“Good grooming” used to be easy for guys: A quick scrape with a razor, a stinging splash of after-shave, a couple of strokes with a comb…DONE. There are still times when you can squeak by with that — but not on your wedding day.
Brittany Decheine, a master stylist at American Male, a full-service men’s salon in Bethlehem, gave me plenty of tips for the man to look his best.
The first step
Decheine suggested starting by consulting your stylist at least a month in advance. You’ll have a chance to discuss you plans and desires — and whether they are practical. You can also discuss stylistic changes and skin/hair care products — maybe even test some different approaches before your big day.
The proper time for a pre-nuptial haircut varies by individuals. “Some grooms like the fresh-cut look, so they’ll do it the morning of the ceremony. Other guys prefer a less formal hairstyle; for them, a week ahead would be better,” she said. You’d still look well-groomed, but the “newness” would be gone.
Clean your face daily — especially after workouts or other sweat-inducing activities. Choose your products based on your skin type: oily normal or combination (dry-to-normal except in your “T-zone” — forehead and nose.)
Follow that with an all-natural toner, especially one with antimicrobial properties. “Even after cleansing, a lot of dirt will remain,” she said. “A deep-cleaning toner will help keep your pores unclogged.”
Decheine also recommends looking for alpha hydroxy acid (AHA) in the ingredients list for skin care products. “AHA comes from milk, fruit and sugar cane,” she said. “It helps reduce signs of aging, and can be good for acne.” And stay away from alcohol-based products — they’re too drying.
Make friends with coconut oil, too. As a hair treatment, it moisturizes your scalp and helps prevent dandruff. “It also provides a light shine and a bit of hold,” Decheine said. Work any excess into your hands, and you’ll help avoid unsightly — and sometimes painful — hangnails.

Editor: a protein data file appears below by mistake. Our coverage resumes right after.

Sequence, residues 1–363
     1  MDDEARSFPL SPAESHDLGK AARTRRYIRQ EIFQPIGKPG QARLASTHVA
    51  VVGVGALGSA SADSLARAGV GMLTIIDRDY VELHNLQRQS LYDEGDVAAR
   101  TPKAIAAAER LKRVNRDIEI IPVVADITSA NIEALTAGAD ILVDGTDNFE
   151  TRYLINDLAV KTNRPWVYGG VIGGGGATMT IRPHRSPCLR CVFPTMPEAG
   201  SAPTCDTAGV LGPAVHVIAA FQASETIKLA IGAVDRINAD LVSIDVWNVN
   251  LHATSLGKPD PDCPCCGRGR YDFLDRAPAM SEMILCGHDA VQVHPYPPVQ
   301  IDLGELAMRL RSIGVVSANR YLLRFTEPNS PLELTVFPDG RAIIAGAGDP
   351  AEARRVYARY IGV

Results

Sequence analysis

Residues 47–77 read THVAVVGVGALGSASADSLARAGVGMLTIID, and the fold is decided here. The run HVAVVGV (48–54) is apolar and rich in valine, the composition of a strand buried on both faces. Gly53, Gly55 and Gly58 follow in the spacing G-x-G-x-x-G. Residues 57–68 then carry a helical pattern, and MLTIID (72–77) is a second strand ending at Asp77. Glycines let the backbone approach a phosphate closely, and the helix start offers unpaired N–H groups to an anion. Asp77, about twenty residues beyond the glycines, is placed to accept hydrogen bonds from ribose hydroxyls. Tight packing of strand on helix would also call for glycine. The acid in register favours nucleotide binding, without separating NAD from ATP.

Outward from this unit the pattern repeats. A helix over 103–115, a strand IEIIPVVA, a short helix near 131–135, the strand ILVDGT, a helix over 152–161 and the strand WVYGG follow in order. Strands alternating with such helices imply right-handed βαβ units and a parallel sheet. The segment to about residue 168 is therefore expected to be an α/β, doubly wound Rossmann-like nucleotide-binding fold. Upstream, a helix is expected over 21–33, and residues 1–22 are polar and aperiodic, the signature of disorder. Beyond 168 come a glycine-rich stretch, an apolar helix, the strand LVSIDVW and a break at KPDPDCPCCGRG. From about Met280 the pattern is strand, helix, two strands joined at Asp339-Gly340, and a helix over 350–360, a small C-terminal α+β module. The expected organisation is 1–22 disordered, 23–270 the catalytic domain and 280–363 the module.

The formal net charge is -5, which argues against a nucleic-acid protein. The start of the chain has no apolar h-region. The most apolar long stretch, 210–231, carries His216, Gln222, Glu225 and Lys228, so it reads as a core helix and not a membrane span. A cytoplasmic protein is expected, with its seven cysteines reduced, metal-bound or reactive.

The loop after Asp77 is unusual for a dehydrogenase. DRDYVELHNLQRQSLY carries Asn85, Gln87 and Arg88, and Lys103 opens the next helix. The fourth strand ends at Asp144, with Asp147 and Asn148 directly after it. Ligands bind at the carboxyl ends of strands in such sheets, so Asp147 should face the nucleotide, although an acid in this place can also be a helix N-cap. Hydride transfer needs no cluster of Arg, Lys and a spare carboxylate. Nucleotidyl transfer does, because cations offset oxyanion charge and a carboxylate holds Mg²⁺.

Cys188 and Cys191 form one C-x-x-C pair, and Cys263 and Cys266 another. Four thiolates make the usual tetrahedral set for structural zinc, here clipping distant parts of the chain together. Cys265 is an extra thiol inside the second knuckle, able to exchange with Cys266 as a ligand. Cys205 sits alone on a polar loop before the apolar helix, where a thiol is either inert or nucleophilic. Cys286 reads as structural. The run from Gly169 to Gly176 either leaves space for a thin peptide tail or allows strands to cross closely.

Shaving (or not)
If you plan on an ultra-manly straight-razor shave, your best bet is to get one a couple of weeks in advance — especially if it’s your first. “Straight-razors cut closer than other razors do,” Decheine pointed out. “And your skin might have a poor reaction to that.” If your face does get badly irritated, there will be time to let it heal.
On the other hand, beards need attention, too. Talk to your stylist early about potential trimming and shaping; maybe even try it then. And a little beard oil can keep your chin-cover soft and flake-free. Decheine says her fiancée uses Manscaper with great results. It also doubles as tat oil; she applied a bit to her own ink, and the colors really popped.
If they’re badly stained, see a dentist. But if you want to go just a shade or two brighter, try Rembrandt toothpaste. Decheine said, “Be sure to start four-to-six weeks in advance. It will whiten your teeth, but you must give it time to work.”
Putting it all together
Making these processes part of our routine doesn’t have to be a struggle. “You’ll use them more regularly when they’re handy, so keep everything you need in a basket in the bathroom,” Decheine said.
It may seem like a lot of effort, but the payoff will be worth it.
American Male, Bethlehem
316 E. 3rd Street